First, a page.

For a possibly longer lasting effect, an injection of hyaluronic acid can be tried. Hyaluronic acid is a substance that healthy joints have a lot of and arthritic knees dont, says Dr. Day. It takes longer to start working than a corticosteroid injection, but the effect often lasts six months to a year.
Currently, research is being done on the effectiveness of platelet-rich plasma , which is not yet covered by insurance. PRP involves drawing some blood, spinning it in a centrifuge, and injecting part of it into the knee.
If youre not able to get your symptoms under control with a combination of these measures, she says, it could be time to talk to your doctor about surgery.
This article originally appeared in Cleveland Clinic Arthritis Advisor.
Arthritis Of The Knee
is a condition in which there is loss of the articular cartilage of the femur, tibia, or patella. This can be seen on X-ray as a loss of the space between the two ends of bone.
X-ray of an Arthritic Knee
Because of the loss of the gliding surfaces of the bone, people with arthritis may feel as though their knee is stiff and their motion is limited. Sometimes people actually feel a catching or clicking within the knee. Generally, loading the knee joint with activities such as walking long distances, standing for long periods of time, or climbing stairs makes arthritis pain worse. When the arthritis has gotten to be severe, the pain may occur even when sitting or lying down. The pain is usually felt in the inside part of the knee, but also may be felt in the front or back of the knee. As the cartilage is worn away preferentially on one side of the knee joint, people may find their knee will become more knock-kneed or bowlegged.
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How To Help Arthritis In Knees
If you are experiencing severe knee arthritis that is impacting your quality of life, its important to talk to your doctor first. They can help diagnose any underlying causes and design a treatment plan to improve your daily life.
For mild to moderate pain, here are our tips for how to help arthritis in the knees. As always, talk with your doctor before starting a new treatment.
How To Treat Arthritis Knee Pain
Exercise is a vital part of staying strong and healthy, whether you have arthritis or not. But there are other ways you can treat arthritis knee pain.
The arthritis treatments listed here can help you to improve not only your running experience, but your overall sense of wellbeing. Remember to talk with your doctor before trying a new treatment. Not all treatment options are safe and effective for all people.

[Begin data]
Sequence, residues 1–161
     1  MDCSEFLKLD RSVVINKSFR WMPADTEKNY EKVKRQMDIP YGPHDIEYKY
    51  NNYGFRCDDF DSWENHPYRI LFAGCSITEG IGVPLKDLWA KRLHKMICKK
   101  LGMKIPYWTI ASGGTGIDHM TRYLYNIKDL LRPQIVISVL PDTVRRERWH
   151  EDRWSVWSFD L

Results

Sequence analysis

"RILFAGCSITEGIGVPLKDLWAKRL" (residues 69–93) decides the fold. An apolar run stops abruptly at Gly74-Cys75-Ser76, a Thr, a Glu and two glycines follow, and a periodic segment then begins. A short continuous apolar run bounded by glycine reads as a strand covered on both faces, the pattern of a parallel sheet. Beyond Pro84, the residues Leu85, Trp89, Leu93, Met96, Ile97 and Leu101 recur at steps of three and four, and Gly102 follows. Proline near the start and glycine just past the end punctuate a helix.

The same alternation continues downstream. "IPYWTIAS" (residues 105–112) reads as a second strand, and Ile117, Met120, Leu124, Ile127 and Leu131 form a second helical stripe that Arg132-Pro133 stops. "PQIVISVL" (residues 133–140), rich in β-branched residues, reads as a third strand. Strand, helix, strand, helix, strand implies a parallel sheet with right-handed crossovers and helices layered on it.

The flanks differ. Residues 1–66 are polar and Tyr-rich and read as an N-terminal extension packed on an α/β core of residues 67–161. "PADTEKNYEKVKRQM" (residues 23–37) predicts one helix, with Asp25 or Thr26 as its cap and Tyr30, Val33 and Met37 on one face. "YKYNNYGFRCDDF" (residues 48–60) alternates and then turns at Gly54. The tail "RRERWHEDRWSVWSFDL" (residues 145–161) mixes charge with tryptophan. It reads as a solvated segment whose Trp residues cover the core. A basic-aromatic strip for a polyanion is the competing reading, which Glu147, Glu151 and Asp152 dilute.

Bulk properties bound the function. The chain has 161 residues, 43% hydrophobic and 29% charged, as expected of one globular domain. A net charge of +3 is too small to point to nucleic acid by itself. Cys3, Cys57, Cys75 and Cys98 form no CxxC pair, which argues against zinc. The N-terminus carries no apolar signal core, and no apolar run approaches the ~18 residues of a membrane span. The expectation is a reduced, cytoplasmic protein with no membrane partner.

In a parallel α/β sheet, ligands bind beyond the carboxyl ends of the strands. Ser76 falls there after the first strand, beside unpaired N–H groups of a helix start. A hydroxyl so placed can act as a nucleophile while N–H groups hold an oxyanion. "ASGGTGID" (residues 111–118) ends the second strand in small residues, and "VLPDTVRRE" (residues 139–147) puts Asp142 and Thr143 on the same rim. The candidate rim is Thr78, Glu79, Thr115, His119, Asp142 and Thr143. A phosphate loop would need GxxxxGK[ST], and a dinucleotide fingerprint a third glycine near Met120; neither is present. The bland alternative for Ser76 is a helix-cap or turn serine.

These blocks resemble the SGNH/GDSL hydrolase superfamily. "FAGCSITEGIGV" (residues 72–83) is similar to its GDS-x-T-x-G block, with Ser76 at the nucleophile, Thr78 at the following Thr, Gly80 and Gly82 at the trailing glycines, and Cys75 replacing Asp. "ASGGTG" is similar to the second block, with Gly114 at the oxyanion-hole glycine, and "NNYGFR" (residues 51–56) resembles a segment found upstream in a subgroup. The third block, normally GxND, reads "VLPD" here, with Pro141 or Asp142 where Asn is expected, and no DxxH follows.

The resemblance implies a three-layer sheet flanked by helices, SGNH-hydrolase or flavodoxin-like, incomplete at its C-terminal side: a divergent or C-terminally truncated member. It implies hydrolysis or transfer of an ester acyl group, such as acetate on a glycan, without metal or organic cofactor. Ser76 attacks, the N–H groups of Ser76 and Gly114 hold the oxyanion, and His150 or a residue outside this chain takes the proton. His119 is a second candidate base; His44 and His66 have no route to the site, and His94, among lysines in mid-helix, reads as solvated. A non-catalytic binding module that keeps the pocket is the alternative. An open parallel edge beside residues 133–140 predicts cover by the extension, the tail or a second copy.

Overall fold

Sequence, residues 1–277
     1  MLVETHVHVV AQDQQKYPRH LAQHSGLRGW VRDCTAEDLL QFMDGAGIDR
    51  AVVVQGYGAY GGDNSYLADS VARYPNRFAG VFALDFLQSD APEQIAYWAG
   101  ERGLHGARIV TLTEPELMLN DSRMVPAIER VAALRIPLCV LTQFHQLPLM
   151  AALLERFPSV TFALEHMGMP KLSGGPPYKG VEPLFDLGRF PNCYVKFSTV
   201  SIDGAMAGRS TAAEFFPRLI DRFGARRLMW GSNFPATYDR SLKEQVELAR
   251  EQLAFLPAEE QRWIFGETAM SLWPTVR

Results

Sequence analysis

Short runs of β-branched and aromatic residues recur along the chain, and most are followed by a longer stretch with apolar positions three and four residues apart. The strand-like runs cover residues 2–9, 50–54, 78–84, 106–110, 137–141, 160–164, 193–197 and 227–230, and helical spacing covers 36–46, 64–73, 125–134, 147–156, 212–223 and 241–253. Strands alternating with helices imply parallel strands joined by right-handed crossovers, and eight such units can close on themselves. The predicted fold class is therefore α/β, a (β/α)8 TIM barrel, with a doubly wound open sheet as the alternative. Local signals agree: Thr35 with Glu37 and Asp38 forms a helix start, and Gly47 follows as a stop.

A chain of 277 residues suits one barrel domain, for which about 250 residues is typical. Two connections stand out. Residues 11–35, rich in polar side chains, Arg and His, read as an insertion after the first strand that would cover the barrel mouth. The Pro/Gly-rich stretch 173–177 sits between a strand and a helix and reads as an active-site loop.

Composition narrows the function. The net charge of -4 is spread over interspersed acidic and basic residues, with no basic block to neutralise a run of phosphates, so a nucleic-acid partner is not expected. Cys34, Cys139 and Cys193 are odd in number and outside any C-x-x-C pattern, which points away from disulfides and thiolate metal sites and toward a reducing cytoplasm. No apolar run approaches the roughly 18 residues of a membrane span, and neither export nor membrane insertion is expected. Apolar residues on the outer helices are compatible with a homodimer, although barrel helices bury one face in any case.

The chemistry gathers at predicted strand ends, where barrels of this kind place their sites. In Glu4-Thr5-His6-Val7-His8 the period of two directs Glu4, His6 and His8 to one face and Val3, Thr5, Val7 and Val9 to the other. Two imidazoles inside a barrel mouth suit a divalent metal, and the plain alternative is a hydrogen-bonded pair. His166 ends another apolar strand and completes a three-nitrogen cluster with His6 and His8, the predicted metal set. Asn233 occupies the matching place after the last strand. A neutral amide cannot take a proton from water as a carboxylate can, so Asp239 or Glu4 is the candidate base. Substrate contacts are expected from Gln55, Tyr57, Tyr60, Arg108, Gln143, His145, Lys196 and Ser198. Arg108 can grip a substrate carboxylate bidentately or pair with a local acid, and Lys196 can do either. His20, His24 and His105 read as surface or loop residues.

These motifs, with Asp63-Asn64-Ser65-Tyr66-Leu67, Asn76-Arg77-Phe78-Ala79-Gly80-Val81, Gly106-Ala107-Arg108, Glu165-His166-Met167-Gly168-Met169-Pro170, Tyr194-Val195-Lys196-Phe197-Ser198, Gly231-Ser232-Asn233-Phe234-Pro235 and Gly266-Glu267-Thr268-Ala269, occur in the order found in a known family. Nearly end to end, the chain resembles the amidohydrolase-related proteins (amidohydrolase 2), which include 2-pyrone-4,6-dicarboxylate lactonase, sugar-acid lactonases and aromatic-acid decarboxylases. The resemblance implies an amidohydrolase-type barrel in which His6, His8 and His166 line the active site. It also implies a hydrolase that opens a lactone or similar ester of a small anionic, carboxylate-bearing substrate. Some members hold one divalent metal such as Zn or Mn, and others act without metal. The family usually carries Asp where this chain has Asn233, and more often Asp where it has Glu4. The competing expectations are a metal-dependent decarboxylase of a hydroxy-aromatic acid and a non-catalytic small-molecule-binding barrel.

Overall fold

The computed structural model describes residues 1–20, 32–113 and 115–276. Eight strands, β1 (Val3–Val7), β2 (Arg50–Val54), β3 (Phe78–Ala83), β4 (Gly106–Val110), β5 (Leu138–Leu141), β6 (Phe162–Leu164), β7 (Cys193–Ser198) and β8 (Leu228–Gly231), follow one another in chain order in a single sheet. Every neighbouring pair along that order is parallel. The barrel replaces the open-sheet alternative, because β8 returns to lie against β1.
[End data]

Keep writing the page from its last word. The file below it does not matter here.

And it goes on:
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How Should We Discuss The Causes Of Knee Osteoarthritis
Far too many of you are told that you wore away your cartilage. Some of you may have been told that your running caused this, or that you walked too much at work for too many years. Those theories are wrong. Osteoarthritis is often found to be less common in runners. When your healthcare providers use analogies such as a cheese grater, or sandpaper on wood, those misconceptions about the etiology or cause of your arthritis becomes your new reality.
Terms such as degeneration, aging, and wear and tear are tossed around. Words can harm. Using an inappropriate analogy can give people the wrong impression. Ive seen this movie often and the finale never changes.
Osteoarthritis does involve thinning or loss of the cartilage or cushioning on the ends of your bones. This is articular cartilage. This is different than the meniscus cartilage you hear about all the time.
For the majority of you, the cartilage was not worn away because of a mechanical process. Arthritis development is a biological process. Ill be brief here because I wrote an extensive article on osteoarthritis causation here. It turns out that our DNA, RNA, and hundreds of chemicals, protein, and hormones determine if your cartilage is going to become thinner and less resilient. Yes, this graphic below is complicated, and it should be because its meant to show you that this is a very complicated process.
Why Go To An Orthopedic Clinic
Orthopedic clinics have doctors who are experts in treating conditions like arthritis. Orthopedic physicians work closely with other specialized professionals with a wealth of experience treating musculoskeletal conditions, and this combination of knowledge and expertise are beneficial to patients like you.